Wednesday, February 3, 2016

There is No Freedom with Diabetes

Sometimes I hear how certain technological advancements will give people with diabetes freedom to do what they want and when they want. People even claim this about insulin in general, giving children and teens the opportunity to live a full life.  We praise the idea that people with diabetes can accomplish anything, for instance, people quote my accomplishment of climbing Mount Kilimanjaro as proof that we as diabetics can do anything. Heck, I am pretty sure I have ever said that.

While this is mainly true, there is no freedom in living with diabetes. For instance, someone with diabetes is constantly thinking in terms of carbohydrates, how they feel, wondering what their blood sugar is and overall trying to navigate their day based on their diabetes.   I have an insulin pump, CGM, a fridge full of insulin and a drawer full of strips and I am not free.  

Recently I just got back from a vacation in the Caribbean. I am a seasoned traveler so packing for my diabetes comes easily, however the trip is never the same.  I could have a great day of blood sugars or a day full of highs [more likely the latter] I am having to take time to change my site, fill my reservoir, clip & unclip my pump and make sure that all my supplies are safe during my duration.  The fear of running out or losing diabetes supplies on vacation is very real.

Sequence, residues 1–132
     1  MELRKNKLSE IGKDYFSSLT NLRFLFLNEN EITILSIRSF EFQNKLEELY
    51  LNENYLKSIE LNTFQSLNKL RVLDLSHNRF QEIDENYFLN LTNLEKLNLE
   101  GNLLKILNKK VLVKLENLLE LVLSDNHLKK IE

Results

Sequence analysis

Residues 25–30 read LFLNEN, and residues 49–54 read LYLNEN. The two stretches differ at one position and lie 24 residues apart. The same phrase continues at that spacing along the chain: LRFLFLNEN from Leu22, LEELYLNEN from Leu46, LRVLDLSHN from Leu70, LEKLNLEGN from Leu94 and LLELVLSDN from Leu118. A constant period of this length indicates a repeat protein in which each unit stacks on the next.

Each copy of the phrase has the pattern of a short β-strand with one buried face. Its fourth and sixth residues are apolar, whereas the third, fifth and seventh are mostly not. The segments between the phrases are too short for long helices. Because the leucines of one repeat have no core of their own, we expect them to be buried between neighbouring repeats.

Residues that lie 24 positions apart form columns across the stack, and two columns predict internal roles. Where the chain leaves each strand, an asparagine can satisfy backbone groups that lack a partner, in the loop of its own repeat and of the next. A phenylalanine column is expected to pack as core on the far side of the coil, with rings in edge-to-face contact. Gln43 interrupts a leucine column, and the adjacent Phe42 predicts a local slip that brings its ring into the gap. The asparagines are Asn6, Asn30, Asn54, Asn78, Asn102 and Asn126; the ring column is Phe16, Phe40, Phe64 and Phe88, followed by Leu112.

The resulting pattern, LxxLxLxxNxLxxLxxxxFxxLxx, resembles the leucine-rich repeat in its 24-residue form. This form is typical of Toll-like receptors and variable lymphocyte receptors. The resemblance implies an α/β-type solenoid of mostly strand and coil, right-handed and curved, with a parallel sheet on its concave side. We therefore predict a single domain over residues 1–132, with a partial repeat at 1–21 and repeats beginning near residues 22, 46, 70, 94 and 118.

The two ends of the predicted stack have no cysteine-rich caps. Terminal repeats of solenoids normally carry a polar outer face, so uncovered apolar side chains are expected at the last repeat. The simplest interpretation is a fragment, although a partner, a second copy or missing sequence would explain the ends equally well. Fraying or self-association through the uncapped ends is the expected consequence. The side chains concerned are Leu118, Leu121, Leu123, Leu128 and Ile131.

There is no freedom in that.  There is no freedom in waking up having to eat right away because you're dizzy, there is no freedom in waking up countless times in the night to use the bathroom because your blood sugar is high.   It doesn't matter if you're stocked with supplies to last a lifetime, or just enough for the week, diabetes does not give you any freedom. 

I am thankful, don't get me wrong. I am so thankful that I have supplies & that I was diagnosed at a time of such great technology and medicine.   But, there are moments when my pump can feel like a ball and chain. I wouldn't doubt that being on injections would feel the same way.    So remember next time you're talking with someone with diabetes, they have a lot on their mind and there isn't a moment that passes that diabetes can be forgotten.  


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